QUESTION 2 - CLIMATE CHANGE

QUESTION 2 - CLIMATE CHANGE

Key areas of study for this question:

  • Greenhouse effect / Carbon cycle
  • Causes of climate change
  • Evidence of climate change
  • Climate change around the world
  • Case study - Arctic
  • Case study - Africa
  • Case study - UK
  • Managing climate change - Kyoto Protocol
  • Local ways of managing climate change e.g. BedZED community.

DEFINITIONS

Global Warming - An overall warming of the planet, based on average temperature over the entire surface.

Climate Change - Changes in regional climate characteristics, including temperature, humidity, rainfall, wind, and severe weather events.

 

Climate change is considered by many to be the world’s greatest problem, and a large-scale threat to people. Uncertainty about its impact is inevitable as scientists struggle to make firm predictions. It is an unfair world in which the wealthiest countries have emitted most of the greenhouse gases and the poorest ones are most vulnerable to their impacts.

 

 

GREENHOUSE EFFECT / CARBON CYCLE

 
WHAT IS THE GREENHOUSE EFFECT? - The Earth is wrapped in a blanket of air called the atmosphere which is made up of several layers of gases. The sun is much hotter than the Earth and it gives off rays of heat (radiation) that travel through the atmosphere and reach the Earth. The rays of the sun warm the Earth, and heat from the Earth then travels back into the atmosphere. The gases in the atmosphere stop some of the heat from escaping into space. These gases are called greenhouse gases and the natural process between the sun, the atmosphere and the Earth is called the 'Greenhouse Effect', because it works the same way as a greenhouse.
 
greenhouseeffectdiagram.jpg
 
WHAT IS THE ENHANCED GREENHOUSE EFFECT? - Some of the activities of man also produce greenhouse gases. These gases keep increasing in the atmosphere. The balance of the greenhouse gases changes and this has effects on the whole of the planet. Burning fossil fuels - coal, oil and natural gas - releases carbon dioxide into the atmosphere. Cutting down and burning trees also produces a lot of carbon dioxide. A group of greenhouse gases called the chlorofluorocarbons, - which are usually called CFCs, have been used in aerosols, such as hairspray cans, fridges and in making foam plastics. They are found in small amounts in the atmosphere. They are dangerous greenhouse gases because small amounts can trap large amounts of heat.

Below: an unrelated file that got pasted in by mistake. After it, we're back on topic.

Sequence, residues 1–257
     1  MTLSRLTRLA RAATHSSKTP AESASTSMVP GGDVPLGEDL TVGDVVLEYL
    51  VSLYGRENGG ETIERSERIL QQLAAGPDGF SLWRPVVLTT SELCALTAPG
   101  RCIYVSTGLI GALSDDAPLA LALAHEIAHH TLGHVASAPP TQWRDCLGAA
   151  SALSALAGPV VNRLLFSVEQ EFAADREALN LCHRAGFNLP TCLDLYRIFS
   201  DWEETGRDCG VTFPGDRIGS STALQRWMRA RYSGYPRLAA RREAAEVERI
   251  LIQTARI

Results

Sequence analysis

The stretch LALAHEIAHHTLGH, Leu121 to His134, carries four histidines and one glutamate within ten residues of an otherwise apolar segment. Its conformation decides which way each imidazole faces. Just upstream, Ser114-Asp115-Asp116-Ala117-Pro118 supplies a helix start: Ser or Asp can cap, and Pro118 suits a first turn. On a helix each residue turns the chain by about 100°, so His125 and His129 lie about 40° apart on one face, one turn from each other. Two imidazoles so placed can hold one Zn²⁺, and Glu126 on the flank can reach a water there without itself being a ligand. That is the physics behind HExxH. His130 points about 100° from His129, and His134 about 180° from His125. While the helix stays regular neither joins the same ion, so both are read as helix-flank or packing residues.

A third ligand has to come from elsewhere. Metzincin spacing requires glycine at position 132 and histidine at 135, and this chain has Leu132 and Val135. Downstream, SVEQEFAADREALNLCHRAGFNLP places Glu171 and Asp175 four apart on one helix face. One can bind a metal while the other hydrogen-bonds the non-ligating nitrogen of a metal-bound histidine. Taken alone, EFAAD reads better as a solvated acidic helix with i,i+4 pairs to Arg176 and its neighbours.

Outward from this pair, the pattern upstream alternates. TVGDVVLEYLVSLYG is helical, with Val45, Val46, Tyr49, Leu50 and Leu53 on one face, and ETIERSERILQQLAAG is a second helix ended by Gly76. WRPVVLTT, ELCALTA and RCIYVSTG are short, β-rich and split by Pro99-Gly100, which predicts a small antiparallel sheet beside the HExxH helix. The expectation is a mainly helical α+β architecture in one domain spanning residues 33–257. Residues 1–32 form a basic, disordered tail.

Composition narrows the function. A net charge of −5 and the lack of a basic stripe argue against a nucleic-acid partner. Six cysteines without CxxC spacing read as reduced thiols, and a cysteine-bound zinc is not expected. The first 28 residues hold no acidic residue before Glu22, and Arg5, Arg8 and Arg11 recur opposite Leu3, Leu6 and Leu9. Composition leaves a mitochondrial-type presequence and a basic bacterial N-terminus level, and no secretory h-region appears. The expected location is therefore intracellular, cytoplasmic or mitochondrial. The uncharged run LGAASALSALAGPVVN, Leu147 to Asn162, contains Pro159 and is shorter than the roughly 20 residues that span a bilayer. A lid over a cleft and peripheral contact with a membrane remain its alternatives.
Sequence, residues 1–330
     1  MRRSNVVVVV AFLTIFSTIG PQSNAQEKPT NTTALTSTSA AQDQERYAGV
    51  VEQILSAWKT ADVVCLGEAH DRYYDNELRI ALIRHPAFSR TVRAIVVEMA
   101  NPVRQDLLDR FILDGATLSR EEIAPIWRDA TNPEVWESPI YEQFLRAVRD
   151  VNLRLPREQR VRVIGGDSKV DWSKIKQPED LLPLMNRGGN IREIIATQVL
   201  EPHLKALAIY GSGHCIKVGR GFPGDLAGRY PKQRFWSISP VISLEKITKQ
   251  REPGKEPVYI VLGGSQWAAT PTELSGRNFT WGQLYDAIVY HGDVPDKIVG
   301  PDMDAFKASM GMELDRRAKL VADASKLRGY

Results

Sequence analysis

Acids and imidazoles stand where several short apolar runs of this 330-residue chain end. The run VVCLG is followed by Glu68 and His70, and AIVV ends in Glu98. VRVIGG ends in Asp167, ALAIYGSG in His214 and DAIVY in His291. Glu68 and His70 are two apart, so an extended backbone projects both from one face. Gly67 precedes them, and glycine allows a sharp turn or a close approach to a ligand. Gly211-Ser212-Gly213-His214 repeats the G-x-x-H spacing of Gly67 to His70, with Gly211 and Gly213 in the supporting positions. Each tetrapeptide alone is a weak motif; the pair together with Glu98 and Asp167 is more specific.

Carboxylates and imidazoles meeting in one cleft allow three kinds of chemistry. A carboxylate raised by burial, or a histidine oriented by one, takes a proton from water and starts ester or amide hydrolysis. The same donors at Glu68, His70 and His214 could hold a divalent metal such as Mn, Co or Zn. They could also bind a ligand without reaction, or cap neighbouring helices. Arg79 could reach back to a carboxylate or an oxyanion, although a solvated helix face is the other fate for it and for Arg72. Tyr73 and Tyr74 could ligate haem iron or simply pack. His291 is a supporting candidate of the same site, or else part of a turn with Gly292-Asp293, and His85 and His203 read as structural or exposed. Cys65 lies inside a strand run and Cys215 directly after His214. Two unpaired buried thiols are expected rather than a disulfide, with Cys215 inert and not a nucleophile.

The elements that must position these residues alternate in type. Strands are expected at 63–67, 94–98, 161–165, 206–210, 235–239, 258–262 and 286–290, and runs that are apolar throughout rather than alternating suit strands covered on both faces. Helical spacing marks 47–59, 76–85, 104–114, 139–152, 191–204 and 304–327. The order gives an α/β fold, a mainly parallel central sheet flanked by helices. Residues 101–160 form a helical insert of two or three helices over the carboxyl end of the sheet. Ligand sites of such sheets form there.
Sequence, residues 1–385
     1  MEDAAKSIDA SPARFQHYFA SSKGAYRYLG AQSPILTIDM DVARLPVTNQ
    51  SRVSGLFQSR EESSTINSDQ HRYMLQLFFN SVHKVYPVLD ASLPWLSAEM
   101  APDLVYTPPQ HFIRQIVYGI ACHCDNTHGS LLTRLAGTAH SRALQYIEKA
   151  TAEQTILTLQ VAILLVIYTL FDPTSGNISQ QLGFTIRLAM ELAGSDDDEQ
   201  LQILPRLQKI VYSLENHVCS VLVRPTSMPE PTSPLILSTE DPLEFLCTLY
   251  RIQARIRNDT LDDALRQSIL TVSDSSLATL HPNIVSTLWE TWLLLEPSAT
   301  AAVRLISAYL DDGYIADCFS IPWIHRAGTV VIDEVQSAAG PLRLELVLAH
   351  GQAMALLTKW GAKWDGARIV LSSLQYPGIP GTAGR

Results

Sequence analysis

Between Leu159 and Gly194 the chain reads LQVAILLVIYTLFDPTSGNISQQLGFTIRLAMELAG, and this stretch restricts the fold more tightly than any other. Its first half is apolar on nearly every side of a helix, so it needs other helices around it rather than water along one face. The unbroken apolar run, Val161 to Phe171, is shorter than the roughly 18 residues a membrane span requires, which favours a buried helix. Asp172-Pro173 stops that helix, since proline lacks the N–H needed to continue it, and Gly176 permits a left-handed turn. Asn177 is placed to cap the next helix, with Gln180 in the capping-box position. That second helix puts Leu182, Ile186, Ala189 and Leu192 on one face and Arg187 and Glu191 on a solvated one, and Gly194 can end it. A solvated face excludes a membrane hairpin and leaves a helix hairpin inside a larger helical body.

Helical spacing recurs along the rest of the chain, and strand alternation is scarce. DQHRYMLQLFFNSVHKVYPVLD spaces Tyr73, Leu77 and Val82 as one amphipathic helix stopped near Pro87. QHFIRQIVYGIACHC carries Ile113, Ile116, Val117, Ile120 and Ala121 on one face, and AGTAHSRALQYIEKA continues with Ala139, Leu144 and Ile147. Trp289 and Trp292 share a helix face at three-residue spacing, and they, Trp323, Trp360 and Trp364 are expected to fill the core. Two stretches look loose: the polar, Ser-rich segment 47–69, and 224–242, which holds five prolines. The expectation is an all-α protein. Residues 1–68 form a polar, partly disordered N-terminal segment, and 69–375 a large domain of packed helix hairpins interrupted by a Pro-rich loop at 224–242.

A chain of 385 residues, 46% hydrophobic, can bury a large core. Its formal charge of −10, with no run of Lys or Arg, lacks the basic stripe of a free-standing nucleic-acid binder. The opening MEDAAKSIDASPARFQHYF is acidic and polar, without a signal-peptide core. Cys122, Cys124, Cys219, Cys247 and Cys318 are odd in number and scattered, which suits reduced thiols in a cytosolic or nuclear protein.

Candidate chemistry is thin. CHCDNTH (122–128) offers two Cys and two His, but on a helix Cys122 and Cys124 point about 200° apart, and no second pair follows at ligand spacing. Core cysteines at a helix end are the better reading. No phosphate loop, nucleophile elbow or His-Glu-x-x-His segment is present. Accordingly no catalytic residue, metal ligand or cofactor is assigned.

greenhouseeffect.jpg
 
 
 
WHAT IS THE CARBON CYCLE?
Carbon is one of the most common elements in the environment. It is present in:
  • All organic substances i.e. all living things
  • Simple compounds such as CO2, which exists as a gas in the atmosphere and is dissolved in the oceans.
  • Complex compounds, for example hydrocarbons found in fossil fuels such as oil, gas and coal.

Carbon is able to transfer from one part of the environment to another through a series of biological processes, such as respiration, and chemical processes such as solution. These transfers take place between parts of the environment that release carbon, known as sources, and parts of the environment that absorb the carbon over long periods of time, known as carbon sinks. The transfer between sources and sinks is shown in the carbon cycle diagram below.

carbon-cycle.jpg

 

 

 

 

 

 

 

 

 

 

 

 

 

 

 

 

 

  1. At night photosynthesis stops. The tree continues to respire and it emits more CO2 than it absorbs.
  2. Solar energy is absorbed.
  3. Whilst the tree is alive it absorbs more CO2 from the atmosphere than it emits.
  4. During the day the tree uses sunlight to convert carbon dioxide to plant sugars. This is photosynthesis.
  5. Organisms such as beetles and earthworms may digest the plant tissue. Their respiration adds CO2 to the air in the soil.